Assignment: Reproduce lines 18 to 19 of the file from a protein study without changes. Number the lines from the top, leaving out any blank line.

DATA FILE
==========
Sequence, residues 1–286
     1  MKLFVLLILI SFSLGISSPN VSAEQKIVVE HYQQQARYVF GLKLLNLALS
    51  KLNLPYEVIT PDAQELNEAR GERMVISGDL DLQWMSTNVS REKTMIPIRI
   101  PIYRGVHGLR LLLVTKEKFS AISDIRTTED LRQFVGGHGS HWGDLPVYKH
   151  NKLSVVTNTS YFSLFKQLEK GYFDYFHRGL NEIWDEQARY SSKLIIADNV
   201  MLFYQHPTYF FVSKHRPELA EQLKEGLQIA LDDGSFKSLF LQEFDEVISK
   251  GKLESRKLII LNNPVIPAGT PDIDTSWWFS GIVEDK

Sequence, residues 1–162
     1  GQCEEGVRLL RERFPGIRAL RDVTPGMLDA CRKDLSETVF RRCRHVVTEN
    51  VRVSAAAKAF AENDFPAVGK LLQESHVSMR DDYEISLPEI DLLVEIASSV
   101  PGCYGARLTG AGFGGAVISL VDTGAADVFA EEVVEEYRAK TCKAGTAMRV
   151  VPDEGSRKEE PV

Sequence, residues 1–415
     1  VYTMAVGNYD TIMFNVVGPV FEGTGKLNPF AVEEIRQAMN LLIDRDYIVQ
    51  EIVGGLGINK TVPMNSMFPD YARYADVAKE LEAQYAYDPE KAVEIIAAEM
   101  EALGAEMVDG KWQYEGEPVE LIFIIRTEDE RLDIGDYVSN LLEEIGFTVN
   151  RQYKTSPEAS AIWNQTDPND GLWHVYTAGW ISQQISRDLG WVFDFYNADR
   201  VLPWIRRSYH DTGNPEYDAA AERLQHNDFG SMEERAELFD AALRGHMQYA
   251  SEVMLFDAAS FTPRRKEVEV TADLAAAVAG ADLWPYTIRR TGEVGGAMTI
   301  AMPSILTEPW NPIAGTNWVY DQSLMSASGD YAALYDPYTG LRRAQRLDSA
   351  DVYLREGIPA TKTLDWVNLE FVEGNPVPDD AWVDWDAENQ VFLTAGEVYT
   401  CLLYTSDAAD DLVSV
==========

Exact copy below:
   201  VLPWIRRSYH DTGNPEYDAA AERLQHNDFG SMEERAELFD AALRGHMQYA
   251  SEVMLFDAAS FTPRRKEVEV TADLAAAVAG ADLWPYTIRR TGEVGGAMTI